When Peter Tompkins and Christopher Bird wrote The Secret Life of Plants (1975), many critics labelled their attempt to prove a spiritual link between people and plants as mystical gibberish, with a New York Times review chiding the authors for pandering to charlatans and amateur psychics. The review noted that although Tompkins and Bird made a fascinating case for plant sentience ‘suspended in the aspic of their blarney, it all looks equally improbable’. In the ensuing decades, more books have been published on the life of trees and their relationship to humans, some of which have sold well and been enthusiastically received by critics. Peter Wohlleben’s The Hidden Life of Trees: What they feel, how they communicate – discoveries from a secret world (2016) topped bestseller lists and earned him a flattering interview in the profile pages of The New York Times.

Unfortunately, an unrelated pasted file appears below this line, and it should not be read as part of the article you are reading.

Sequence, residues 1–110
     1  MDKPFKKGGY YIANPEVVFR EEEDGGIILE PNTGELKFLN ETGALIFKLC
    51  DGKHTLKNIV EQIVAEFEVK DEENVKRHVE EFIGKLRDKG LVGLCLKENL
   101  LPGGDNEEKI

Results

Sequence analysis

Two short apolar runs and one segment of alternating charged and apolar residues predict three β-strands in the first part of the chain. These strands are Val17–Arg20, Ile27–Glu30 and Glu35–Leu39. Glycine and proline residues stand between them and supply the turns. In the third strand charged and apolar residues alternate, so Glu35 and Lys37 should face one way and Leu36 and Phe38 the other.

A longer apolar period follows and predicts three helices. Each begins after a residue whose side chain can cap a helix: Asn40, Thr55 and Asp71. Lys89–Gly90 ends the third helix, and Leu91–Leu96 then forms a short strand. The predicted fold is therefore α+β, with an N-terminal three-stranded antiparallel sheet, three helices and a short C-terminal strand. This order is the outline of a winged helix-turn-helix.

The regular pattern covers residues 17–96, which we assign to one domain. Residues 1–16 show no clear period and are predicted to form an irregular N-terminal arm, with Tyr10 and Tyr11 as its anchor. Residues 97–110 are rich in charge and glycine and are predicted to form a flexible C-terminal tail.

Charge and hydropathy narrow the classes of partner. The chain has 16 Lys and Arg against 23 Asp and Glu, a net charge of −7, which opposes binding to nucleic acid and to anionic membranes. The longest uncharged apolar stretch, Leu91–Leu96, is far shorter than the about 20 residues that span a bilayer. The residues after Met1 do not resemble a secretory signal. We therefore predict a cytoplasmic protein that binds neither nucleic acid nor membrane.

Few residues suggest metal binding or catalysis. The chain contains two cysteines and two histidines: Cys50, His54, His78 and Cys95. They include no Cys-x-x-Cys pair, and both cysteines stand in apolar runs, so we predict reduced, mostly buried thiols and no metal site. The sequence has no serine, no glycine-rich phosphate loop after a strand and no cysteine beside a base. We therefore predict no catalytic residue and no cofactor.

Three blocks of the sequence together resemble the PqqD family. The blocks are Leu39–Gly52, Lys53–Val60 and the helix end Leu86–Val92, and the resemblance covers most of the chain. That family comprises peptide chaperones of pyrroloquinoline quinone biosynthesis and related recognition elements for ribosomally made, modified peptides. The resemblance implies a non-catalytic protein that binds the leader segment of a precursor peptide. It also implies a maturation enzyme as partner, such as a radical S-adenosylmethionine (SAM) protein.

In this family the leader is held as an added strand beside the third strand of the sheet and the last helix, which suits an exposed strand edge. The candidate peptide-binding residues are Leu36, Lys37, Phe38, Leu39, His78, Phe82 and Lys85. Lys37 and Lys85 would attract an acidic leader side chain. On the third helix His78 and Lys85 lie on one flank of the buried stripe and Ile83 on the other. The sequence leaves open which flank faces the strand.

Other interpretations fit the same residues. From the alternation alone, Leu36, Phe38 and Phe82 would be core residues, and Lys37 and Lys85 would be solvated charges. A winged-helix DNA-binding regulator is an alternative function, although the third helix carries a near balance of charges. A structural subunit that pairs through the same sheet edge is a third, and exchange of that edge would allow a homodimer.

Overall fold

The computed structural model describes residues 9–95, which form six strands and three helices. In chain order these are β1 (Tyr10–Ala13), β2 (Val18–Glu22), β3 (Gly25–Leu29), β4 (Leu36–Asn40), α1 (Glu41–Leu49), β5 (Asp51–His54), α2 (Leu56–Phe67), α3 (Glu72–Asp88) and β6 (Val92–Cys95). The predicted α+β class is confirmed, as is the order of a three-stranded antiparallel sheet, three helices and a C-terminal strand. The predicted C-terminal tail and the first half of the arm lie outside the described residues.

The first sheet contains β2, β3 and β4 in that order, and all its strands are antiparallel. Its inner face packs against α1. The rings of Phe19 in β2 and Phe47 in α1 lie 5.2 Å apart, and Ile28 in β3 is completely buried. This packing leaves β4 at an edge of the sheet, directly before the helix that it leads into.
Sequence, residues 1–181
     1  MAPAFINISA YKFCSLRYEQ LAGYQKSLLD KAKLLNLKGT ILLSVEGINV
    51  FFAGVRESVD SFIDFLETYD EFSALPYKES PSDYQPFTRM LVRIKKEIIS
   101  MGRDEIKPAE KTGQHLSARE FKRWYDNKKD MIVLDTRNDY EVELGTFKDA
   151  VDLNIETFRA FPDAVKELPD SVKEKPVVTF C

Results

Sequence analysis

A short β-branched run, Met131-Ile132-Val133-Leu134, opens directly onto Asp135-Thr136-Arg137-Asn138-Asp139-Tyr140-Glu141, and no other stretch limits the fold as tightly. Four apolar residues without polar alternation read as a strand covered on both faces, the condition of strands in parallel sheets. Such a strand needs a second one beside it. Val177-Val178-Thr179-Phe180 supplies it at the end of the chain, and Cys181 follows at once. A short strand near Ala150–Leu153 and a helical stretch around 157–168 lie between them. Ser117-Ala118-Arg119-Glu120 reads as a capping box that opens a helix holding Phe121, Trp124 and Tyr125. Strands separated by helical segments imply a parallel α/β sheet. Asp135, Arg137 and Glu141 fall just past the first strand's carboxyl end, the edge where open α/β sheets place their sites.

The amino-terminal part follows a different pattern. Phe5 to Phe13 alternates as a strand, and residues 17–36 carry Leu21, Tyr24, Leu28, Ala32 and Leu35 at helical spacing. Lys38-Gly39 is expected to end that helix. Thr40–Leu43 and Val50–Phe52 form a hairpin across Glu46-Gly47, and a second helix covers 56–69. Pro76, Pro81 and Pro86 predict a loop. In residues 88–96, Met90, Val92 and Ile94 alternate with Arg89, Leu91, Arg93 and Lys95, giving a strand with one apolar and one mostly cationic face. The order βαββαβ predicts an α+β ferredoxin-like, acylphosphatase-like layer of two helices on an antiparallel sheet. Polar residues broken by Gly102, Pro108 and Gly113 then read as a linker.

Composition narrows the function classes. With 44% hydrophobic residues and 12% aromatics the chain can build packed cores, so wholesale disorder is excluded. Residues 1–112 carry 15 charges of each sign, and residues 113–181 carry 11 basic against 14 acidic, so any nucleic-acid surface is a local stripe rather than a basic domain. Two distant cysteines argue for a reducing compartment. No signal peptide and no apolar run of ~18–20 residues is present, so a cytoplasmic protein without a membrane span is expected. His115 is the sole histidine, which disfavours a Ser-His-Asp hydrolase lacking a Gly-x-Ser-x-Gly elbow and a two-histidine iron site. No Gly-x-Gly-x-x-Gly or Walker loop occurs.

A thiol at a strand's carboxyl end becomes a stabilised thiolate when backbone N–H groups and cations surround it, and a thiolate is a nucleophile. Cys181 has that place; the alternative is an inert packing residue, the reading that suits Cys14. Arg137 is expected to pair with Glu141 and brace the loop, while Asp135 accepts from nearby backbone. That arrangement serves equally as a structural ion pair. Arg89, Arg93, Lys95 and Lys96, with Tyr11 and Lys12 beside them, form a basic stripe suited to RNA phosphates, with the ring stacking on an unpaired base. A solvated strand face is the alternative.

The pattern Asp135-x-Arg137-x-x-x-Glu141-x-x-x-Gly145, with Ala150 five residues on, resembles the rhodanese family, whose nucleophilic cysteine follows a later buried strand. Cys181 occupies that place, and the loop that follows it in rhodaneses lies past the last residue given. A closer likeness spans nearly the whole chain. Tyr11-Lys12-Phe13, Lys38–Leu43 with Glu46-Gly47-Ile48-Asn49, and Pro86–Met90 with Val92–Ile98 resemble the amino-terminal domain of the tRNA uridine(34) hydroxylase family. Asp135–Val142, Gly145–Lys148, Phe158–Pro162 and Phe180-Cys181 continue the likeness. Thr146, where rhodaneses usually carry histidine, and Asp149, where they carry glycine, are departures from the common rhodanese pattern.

While an interest in trees has certainly emerged among an educated readership, Sophie Cunningham’s collection of essays could be viewed as a heartfelt and timely postscript to much of this tree talk. It’s all very well to read books on trees, but what are we doing to save them and the animals and ecosystems that rely on them for survival? What will become of the groves that cannot replace their felled compatriots fast enough? What irreparable damage will climate change do?